Now that this week's conference tournament results are in, it has become evident that the Crimson Tide basketball team's chances for an NIT invite are still alive, but not all that strong. In what follows, I'll break down the situation from top to bottom to show you where we stand heading into Selection Sunday.
For those who don't want to take the time to go through the whole break-down, the Tide will need a little bit of luck as the selection committee makes their decisions. If it were like the old days and the NIT was simply the top 32 major-conference teams not in the Big Dance, we would be a shoo-in. Even if it was simply the best 32 teams, I would feel pretty good about us getting an invite. But alas, that's not the case. As of 2006, the NIT also reserves spots for automatic qualifiers, and there were 8 of them this year. So we are actually trying to be one of the top 24 teams left out of the Big Dance, and not only are we competing against the name schools who didn't get invited like North Carolina and Arizona, but we're also competing against the quality mid-major schools who had great years but didn't quite make the cut for the Big Dance. Keep in mind, there are 343 Division I basketball teams out there, much different than the 120 FBS football teams.
One bit of good news for us, though: The NIT selection committee is chaired by none other than former Bama coach C.M. Newton, who led the Tide to 3 SEC championships and 6 post-season appearances in 12 seasons at the Capstone from 1969-1981. Newton also played a semi-formal consulting role for UA when his old friend Mal Moore began his search for Mark Gottfried's replacement last year. Newton reportedly was very high on hiring Grant and supposedly lobbied to bring him to Tuscaloosa. I doubt this will have any significant impact on our chances, but it's interesting to note nonetheless.
That said, I strongly encourage everyone to read below the jump to see how it all breaks down and where we stand heading into Selection Sunday...
UPDATE: I've included today's results in the tournament break-downs.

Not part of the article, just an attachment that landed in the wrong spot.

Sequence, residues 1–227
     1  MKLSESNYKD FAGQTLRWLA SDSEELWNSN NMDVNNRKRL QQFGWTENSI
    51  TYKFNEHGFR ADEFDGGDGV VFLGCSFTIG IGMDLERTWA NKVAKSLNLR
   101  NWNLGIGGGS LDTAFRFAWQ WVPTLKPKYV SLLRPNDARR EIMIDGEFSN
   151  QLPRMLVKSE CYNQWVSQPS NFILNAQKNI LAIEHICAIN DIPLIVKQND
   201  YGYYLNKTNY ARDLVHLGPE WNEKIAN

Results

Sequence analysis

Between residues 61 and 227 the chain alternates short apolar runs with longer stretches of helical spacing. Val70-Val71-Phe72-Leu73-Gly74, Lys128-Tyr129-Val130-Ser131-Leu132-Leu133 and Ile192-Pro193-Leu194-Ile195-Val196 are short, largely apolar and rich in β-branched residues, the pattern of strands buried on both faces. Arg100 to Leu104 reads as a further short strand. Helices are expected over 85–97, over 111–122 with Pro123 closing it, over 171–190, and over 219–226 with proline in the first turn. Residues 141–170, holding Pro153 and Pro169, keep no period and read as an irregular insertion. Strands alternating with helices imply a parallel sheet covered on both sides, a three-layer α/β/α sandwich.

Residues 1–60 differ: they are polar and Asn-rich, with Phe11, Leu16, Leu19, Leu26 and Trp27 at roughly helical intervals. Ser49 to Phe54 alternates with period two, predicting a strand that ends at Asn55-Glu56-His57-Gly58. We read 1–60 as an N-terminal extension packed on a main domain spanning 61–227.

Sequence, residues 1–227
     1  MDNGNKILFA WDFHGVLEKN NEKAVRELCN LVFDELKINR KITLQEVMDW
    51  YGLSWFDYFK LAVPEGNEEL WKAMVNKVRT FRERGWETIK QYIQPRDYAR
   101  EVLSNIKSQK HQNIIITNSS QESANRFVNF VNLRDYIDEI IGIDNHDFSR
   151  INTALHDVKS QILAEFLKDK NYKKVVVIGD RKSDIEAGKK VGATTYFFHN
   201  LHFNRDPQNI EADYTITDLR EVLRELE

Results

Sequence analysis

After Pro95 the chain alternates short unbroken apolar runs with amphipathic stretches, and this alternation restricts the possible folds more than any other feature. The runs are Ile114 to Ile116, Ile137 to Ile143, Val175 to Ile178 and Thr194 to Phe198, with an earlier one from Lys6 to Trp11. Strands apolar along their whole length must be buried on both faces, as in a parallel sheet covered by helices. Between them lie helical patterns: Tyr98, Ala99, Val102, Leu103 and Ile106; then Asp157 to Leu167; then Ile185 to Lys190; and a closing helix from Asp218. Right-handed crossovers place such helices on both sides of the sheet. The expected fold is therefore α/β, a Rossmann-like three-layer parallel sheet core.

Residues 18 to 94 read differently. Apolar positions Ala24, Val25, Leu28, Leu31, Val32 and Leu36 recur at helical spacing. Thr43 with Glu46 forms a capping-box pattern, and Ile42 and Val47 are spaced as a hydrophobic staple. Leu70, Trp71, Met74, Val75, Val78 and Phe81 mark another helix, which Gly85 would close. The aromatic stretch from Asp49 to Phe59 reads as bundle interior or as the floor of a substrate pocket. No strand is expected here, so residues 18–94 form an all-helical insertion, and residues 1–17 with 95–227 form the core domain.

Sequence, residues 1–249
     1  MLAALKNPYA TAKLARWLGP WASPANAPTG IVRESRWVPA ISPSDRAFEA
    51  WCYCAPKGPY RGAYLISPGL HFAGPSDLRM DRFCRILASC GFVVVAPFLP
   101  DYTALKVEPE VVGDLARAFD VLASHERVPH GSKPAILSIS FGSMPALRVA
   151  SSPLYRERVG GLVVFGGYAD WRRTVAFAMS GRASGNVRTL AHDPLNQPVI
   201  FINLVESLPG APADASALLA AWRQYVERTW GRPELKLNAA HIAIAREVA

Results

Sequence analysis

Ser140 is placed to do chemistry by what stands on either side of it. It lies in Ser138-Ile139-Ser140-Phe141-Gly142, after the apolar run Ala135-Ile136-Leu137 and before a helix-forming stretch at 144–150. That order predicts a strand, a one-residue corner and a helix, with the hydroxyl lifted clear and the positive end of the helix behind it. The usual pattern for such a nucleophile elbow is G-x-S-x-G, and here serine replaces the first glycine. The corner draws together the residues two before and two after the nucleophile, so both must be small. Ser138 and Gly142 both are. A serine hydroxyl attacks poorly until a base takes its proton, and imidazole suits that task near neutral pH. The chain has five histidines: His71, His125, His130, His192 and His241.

First, let's take a look at how the automatic bids were assigned for both the NCAA and NIT tournaments. Each of the 31 Division I basketball conferences is listed in the table below in order of the conferences' rank in the RPI. Each of the 31 conference tournament winners is guaranteed a spot in the NCAA tournament. Those tournament winners that are projected to be top-11 seeds--in other words, those who would have been chosen as at-large teams even without winning their tournaments--I have categorized as "NCAA at-large" under the column "Winner Status" to distinguish between those teams who got in solely by winning their conference tournaments and those who did not. For those tournament winners projected as 12-seeds and lower, I have categorized "NCAA automatic" under the column "Winner Status". You will see that 19 of the conference tournament winners are projected as seeds such that they got in only as automatic bids, while the other 12 tournament winners (including the four crowned today) would have gotten in without the automatic bid.
Meanwhile, there were also 31 regular season conference champions. 17 of those champions went on to win their conference tournaments, guaranteeing them a spot in the NCAA tournament. Of the remaining 14 champions, 6 lost in their conference tournament but are expected to qualify as at-large teams. That leaves 8 conference champions who lost in their conference tournaments and will not qualify for the NCAA tournament as at-large teams. Those 8 will receive automatic bids to the NIT.